Julian Buchanan's insight:

So long as people don't take drugs these legal products must be safe???

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When Arizona Decided to Drug Test Welfare Recipients, These Were the Shocking Results

When Arizona Decided to Drug Test Welfare Recipients, These Were the Shocking Results | Drugs, Society, Human Rights & Justice | Scoop.it
A policy gone awry.
Julian Buchanan's insight:

It's a human rights issue -  sadly we carry out drug tests on welfare recipients here in New Zealand.

There is a whole growing business enterprise designed to profit from managing and controlling the poor - the drug testing business is one of them! That's the real motivation.

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VIDEO 6mins ▶ Anne-Marie Cockburn calls for legalisation and regulation of Ecstasy

At the 2015 "Support. Don't Punish" event in Dublin on June 26th, Anne-Marie Cockburn spoke about her daughter Martha who died after consuming ecstasy in 201...
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Wastewater analysis best way to spot new drug trends??

Wastewater analysis best way to spot new drug trends?? | Drugs, Society, Human Rights & Justice | Scoop.it
Wastewater analysis has moved from being an experimental technique to being a new method in the epidemiological toolkit. Its rapid ability to detect new trends can help target public health programmes and policy initiatives at specific groups of people and the different drugs they are using.…
Julian Buchanan's insight:

What a waste!

The Drug War Industry is seriously 'Taking the Piss!'


People take legal drugs ....and yes guess what, people take illegal drugs. Learn to live with it and stop wasting our resources, time and energy by counting and measuring it!

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Does tobacco use cause psychosis? Systematic review and meta-analysis - The Lancet Psychiatry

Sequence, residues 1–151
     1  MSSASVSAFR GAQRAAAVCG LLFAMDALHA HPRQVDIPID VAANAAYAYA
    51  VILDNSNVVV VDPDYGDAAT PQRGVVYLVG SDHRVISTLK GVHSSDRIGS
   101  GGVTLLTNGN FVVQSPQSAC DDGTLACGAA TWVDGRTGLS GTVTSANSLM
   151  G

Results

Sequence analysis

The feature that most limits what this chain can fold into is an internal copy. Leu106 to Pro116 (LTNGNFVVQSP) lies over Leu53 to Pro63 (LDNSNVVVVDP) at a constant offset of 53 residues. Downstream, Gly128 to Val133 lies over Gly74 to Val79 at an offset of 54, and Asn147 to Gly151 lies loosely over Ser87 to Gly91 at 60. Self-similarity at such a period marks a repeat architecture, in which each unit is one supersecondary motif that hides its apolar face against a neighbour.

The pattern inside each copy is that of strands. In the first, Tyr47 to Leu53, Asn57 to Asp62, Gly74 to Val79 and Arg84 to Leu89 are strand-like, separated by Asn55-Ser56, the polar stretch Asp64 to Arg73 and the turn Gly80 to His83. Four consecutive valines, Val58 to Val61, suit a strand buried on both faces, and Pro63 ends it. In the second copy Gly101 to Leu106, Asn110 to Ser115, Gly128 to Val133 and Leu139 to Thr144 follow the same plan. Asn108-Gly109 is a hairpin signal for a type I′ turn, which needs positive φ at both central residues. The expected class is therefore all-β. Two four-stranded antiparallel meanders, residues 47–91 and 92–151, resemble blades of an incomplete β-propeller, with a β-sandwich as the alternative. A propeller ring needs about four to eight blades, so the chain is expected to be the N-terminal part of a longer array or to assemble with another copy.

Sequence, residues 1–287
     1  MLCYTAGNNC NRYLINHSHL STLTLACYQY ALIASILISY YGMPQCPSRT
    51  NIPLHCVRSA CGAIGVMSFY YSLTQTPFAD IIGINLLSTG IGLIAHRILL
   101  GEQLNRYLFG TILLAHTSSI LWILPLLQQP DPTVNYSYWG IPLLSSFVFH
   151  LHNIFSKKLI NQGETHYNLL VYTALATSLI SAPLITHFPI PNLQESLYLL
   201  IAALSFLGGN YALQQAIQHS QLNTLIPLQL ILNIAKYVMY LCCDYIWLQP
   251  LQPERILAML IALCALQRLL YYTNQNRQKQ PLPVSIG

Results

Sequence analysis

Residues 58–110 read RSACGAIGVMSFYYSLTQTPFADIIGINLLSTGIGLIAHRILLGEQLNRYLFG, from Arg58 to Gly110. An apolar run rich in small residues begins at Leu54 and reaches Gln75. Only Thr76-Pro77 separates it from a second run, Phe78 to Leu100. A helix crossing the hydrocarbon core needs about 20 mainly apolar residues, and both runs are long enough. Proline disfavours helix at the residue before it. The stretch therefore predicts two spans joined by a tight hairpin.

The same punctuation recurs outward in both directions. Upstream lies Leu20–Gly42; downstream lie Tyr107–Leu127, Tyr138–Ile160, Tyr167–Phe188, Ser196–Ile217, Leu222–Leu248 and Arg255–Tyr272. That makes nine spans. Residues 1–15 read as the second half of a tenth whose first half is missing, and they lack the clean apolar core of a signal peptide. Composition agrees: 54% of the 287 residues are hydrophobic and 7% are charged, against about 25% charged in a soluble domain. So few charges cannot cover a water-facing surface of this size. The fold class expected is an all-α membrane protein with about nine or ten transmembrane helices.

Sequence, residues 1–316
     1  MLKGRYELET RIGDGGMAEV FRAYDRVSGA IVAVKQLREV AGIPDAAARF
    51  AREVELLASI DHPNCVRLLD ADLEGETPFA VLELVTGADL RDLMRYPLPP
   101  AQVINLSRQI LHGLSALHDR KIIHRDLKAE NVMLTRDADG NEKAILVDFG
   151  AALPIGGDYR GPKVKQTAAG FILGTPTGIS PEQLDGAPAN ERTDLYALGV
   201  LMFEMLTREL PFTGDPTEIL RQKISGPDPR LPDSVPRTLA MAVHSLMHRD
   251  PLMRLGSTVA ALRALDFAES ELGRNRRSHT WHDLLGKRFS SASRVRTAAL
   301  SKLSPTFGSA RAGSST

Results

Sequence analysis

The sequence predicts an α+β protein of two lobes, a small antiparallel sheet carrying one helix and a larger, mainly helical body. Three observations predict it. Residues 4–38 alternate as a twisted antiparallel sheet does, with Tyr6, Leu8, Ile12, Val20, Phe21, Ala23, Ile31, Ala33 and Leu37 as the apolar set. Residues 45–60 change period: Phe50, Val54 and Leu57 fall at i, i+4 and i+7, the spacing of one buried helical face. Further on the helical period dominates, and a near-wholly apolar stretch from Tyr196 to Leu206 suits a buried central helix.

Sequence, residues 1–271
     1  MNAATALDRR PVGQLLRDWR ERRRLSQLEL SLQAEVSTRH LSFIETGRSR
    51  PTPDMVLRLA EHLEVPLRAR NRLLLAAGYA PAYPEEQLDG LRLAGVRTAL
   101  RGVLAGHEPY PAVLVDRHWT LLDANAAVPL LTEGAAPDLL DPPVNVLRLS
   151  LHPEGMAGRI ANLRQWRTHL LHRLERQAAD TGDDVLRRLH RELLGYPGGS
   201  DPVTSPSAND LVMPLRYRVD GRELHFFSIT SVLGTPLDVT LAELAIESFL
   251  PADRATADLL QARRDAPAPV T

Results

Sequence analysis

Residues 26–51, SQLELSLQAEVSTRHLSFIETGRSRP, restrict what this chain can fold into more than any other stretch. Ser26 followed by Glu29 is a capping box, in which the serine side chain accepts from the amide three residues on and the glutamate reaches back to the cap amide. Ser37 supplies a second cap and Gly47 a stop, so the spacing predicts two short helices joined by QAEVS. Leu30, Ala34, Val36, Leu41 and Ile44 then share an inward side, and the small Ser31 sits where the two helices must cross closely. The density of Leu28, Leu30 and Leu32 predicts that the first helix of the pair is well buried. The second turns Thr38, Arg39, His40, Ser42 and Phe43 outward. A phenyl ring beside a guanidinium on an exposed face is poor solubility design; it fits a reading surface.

Interpretation

Daily tobacco use is associated with increased risk of psychosis and an earlier age at onset of psychotic illness. The possibility of a causal link between tobacco use and psychosis merits further examination.

Julian Buchanan's insight:

Legal drugs have gone under the radar for too long

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Every Drug Court Should Allow Methadone Treatment

Every Drug Court Should Allow Methadone Treatment | Drugs, Society, Human Rights & Justice | Scoop.it
Indefinite maintenance is a proven treatment for drug addiction. All drug courts should allow it. But they don’t.
Julian Buchanan's insight:

Why did Drug Court deny people effective drug treatment in the first place?

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PODCAST 55mins: Foundations for Good Drug Law, Policy & Practice

the presentation is here: https://prezi.com/7m2ybawftcja/drug-policy-threats-challenges/
Julian Buchanan's insight:

Rethinking drug law, policy and practice

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Mum of overdose victim wants drugs law change - and calls for decriminalisation & drug regulation!

Mum of overdose victim wants drugs law change - and calls for decriminalisation & drug regulation! | Drugs, Society, Human Rights & Justice | Scoop.it
THE mother of Martha Fernback – the teenager who died from a lethal drug overdose at an Oxford park – has visited 10 Downing Street to…
Julian Buchanan's insight:

Campaigns like this will help change public opinion and reach people in ways that articles, reports and inquiries have failed to do - well done Anne- Marie!

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Harm reduction works | UNAIDS

Harm reduction works | UNAIDS | Drugs, Society, Human Rights & Justice | Scoop.it

Abundant evidence shows that harm reduction programmes can significantly reduce HIV transmission among people who inject drugs. Several countries are demonstrating the benefits of actively scaling up quality programmes that are based on human rights and public health needs.

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NZ moving towards Naloxone by @nzdrug

NZ moving towards Naloxone by @nzdrug | Drugs, Society, Human Rights & Justice | Scoop.it
(Naloxone kit with instructions) Better emergency overdose interventions are required to reduce the number of preventable deaths in New Zealand. Recommendations for action are included in the Drug Foundation’s background paper on this vital aspect of reducing drug harms.
Julian Buchanan's insight:

Excellent to see this paper promoting naloxone distribution in New Zealand – I just hope they don't have difficulty persuading MoH / Govt it really is a drug policy priority – given that the Foundation didn’t even mention it in their 20 page Drug Policy Priorities Briefing Paper to Parliament.http://issuu.com/nzdrugfoundation/docs/ndf15765_bim-fa3_lge?e=9926752%2F11819155

 

Fingers crossed for immediate and total roll out but worryingly this robust paper  has included a few self destruct buttons and omissions that could undermine full adoption: